Apart from topology, geometry and proportion are involved. Geometry has been needed in order to create the construction itself as it is based on parallelograms (the floors, walls and balcony) and circles (the roof, balcony – a mixture of both circle and rectangle). The parallelograms are ‘transformed’ into rectangles or rectangular objects, this is due to perspective and the direction to which it points.

Though there are much more to it, for instance pattern made by: squares (actually rhombus, but appears as squares due to perspective) to make a squared floor and the balcony, which is composed of rectangles and half circles (these two shapes together make up the actual spacing between each of the supports on the balcony). But what is really amazing is that Escher was able to separate the image into 2 halves. The top half, where it seemed to be viewed from left to right, and the bottom half, which seems to be viewed from right to left, and on the middle the transformation occurring, which gathers both views into one in order to make the illusion.

Moving on to another interesting topic that acquires geometry, Escher’s spheres have been responsible for much criticism and value. A few of the works like: Three Spheres, Hand with Reflecting Sphere and Concentric Rinds use what mathematicians call perfect shapes. I have taken Hand with Reflecting Sphere, a well- known and criticised artwork, into consideration to be analysed.

Symmetry as said before, also plays its part when talking about M.C Escher’s spheres. This is because the sphere fits into numerous types of symmetry i.e. it can be divided into different equal parts into various ways: a simple reflection of its half, rotational symmetry as well as combinations of symmetry (there are 17 types of symmetry: some combinations of the three- rotation, reflection and translation). If looking closely at the Hand with Reflecting Sphere it is possible to realise that the centre of the person’s head has been drawn on the centre of the sphere.

Artistically analysing this image, I may say the artist has drawn the image with the purpose of valuing an egocentric idea, when positioning his head (what is valued as a symbol of uniqueness or self image) in the absolute centre (a circle or sphere are the only shapes with one exact centre). Though when mathematically analysing his work, I must say there has been a study and complex measurements in order to accomplish such task, where various attempts or calculations were done in order to draw the whole image inside the sphere, starting from its centre.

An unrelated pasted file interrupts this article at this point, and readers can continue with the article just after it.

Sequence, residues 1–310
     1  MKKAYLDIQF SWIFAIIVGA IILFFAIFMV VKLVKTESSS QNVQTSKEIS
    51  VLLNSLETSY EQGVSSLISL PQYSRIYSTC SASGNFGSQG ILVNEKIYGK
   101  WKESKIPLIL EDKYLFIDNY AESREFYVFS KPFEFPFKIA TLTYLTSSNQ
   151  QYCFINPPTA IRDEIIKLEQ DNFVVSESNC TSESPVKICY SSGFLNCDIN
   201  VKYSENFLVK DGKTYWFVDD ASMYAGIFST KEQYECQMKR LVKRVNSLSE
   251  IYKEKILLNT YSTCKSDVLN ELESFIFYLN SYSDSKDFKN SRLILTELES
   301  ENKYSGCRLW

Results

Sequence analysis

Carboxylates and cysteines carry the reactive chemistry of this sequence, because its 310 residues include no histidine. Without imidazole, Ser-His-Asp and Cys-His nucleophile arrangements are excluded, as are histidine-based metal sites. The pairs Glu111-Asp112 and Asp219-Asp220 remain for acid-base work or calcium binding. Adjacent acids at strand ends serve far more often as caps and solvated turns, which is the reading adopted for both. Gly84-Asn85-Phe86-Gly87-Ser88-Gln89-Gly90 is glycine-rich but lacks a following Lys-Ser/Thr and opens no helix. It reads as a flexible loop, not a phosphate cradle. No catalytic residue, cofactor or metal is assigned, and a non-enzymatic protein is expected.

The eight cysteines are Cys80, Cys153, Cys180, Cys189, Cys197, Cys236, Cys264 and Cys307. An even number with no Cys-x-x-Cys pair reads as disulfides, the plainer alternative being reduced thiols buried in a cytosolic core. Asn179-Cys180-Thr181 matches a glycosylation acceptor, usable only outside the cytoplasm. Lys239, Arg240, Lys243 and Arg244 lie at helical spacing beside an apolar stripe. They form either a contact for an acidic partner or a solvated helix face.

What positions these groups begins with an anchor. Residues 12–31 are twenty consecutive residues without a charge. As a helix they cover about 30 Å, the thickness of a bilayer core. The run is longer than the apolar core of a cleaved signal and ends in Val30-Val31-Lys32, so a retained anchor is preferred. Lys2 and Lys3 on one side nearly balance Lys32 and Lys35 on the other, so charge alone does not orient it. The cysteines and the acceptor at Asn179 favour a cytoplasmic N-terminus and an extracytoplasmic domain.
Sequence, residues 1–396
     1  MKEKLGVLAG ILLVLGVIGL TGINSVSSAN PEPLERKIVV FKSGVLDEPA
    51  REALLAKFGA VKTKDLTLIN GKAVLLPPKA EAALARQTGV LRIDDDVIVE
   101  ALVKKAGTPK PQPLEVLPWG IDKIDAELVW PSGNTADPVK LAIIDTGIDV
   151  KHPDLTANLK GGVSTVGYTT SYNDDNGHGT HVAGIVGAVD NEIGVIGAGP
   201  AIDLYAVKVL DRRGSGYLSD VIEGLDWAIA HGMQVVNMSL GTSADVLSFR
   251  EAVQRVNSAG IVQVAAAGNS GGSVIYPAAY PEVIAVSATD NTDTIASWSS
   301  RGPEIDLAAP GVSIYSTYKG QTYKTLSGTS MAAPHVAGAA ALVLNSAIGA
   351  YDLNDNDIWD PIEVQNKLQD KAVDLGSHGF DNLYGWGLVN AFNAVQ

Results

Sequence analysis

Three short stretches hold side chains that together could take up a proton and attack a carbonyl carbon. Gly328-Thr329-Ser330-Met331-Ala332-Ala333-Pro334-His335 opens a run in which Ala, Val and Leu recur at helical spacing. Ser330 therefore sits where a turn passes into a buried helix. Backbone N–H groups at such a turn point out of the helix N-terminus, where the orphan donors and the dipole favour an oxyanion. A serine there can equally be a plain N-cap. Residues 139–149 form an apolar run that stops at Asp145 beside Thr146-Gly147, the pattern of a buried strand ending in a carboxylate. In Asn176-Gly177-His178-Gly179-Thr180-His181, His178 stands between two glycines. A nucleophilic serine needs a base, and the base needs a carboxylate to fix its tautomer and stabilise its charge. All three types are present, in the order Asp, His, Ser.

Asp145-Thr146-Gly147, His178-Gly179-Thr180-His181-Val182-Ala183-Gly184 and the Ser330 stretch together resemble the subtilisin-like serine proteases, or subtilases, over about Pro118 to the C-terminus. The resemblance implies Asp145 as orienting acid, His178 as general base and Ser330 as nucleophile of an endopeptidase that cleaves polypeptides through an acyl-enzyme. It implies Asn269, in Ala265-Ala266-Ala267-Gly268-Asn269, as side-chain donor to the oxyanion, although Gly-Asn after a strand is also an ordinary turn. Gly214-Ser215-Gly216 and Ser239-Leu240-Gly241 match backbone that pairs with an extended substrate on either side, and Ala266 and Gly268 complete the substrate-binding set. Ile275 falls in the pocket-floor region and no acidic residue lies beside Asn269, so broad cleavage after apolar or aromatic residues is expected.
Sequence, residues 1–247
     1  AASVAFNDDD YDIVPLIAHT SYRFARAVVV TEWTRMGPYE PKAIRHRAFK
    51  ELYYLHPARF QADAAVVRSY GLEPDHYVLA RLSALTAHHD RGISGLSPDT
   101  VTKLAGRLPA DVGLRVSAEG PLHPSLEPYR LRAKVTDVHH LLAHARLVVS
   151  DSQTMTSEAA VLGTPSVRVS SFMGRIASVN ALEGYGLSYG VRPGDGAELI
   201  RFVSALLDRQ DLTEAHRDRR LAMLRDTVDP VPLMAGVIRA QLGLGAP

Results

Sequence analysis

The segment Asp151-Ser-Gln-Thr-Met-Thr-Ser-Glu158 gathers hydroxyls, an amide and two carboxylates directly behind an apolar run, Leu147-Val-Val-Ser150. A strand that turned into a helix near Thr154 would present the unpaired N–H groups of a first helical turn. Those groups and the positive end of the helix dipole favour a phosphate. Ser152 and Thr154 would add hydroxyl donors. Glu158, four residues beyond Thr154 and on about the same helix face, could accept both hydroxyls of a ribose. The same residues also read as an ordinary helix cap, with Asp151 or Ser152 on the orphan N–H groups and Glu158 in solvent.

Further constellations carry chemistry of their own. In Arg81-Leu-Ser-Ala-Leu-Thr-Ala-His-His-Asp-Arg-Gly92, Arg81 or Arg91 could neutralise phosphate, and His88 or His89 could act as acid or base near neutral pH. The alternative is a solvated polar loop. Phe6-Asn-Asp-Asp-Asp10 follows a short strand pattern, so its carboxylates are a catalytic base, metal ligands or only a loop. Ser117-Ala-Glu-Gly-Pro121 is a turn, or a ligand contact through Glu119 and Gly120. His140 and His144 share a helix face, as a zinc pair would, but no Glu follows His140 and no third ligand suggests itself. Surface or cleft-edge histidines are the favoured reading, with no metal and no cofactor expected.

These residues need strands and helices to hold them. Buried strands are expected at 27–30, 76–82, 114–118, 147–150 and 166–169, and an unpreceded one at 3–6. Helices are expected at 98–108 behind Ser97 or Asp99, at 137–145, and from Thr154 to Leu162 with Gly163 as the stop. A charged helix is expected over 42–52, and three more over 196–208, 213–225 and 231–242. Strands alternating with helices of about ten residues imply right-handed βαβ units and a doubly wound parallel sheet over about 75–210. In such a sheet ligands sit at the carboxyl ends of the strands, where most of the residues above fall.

Also, from the centre of the head a few other measurements were made:

* The absolute centre of the sphere is located on one of the three imaginary horizontal lines in which this image is divided into.

* The three parts in which this image is divided into is based upon the centre of the head: the distance from the centre of the head is twice to the bottom edge of the picture than it is to the top edge of the picture.

* The top, left and right edges of the image are equidistant to the centre of the sphere: the edge of the sphere is equidistant to the top, left and right edges of the picture.

In a way this artwork respects the ‘Golden Ratio’: a ratio created by the Greeks and believed to be the most aesthetic ratio. The rules of the golden proportion are: numbers related to the sequence 0,1,1,2,3,5,8,13…(the next number is always based upon the addition of the last two numbers) actually called ‘Fibonacci Sequence’ derived from the fact that most of the elements in nature grow this way i.e. 0 represents nothing, then 1 represents an individual and together with another individual there might be a newborn and so on. With this sequence the ‘Golden Ratio’ was created: 1/1, 2/1. 3/2, 5/3, 8/5 and so on, being that the ratio is based upon one of the numbers from the sequence as the denominator and the next number as the nominator, being that the greater the nominator and denominator, the nearest it gets to the ‘Golden Ratio’ (1,61804- approximated to 5 decimal places).